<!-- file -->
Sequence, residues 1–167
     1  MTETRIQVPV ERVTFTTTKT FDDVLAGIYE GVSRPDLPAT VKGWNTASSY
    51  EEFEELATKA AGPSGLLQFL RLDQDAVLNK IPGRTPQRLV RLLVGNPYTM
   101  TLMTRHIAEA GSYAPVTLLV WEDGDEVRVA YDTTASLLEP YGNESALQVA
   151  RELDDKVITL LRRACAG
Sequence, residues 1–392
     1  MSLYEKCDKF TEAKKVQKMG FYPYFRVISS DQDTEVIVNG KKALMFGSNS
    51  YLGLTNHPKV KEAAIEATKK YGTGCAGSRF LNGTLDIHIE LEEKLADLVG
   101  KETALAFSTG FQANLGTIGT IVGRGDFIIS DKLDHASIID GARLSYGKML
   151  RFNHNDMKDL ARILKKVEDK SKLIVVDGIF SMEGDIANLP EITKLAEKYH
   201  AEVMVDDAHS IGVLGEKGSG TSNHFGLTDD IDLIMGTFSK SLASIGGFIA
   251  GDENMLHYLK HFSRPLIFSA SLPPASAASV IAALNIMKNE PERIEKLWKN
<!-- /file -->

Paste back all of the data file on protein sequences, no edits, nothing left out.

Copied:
Sequence, residues 1–167
     1  MTETRIQVPV ERVTFTTTKT FDDVLAGIYE GVSRPDLPAT VKGWNTASSY
    51  EEFEELATKA AGPSGLLQFL RLDQDAVLNK IPGRTPQRLV RLLVGNPYTM
   101  TLMTRHIAEA GSYAPVTLLV WEDGDEVRVA YDTTASLLEP YGNESALQVA
   151  RELDDKVITL LRRACAG
Sequence, residues 1–392
     1  MSLYEKCDKF TEAKKVQKMG FYPYFRVISS DQDTEVIVNG KKALMFGSNS
    51  YLGLTNHPKV KEAAIEATKK YGTGCAGSRF LNGTLDIHIE LEEKLADLVG
   101  KETALAFSTG FQANLGTIGT IVGRGDFIIS DKLDHASIID GARLSYGKML
   151  RFNHNDMKDL ARILKKVEDK SKLIVVDGIF SMEGDIANLP EITKLAEKYH
   201  AEVMVDDAHS IGVLGEKGSG TSNHFGLTDD IDLIMGTFSK SLASIGGFIA
   251  GDENMLHYLK HFSRPLIFSA SLPPASAASV IAALNIMKNE PERIEKLWKN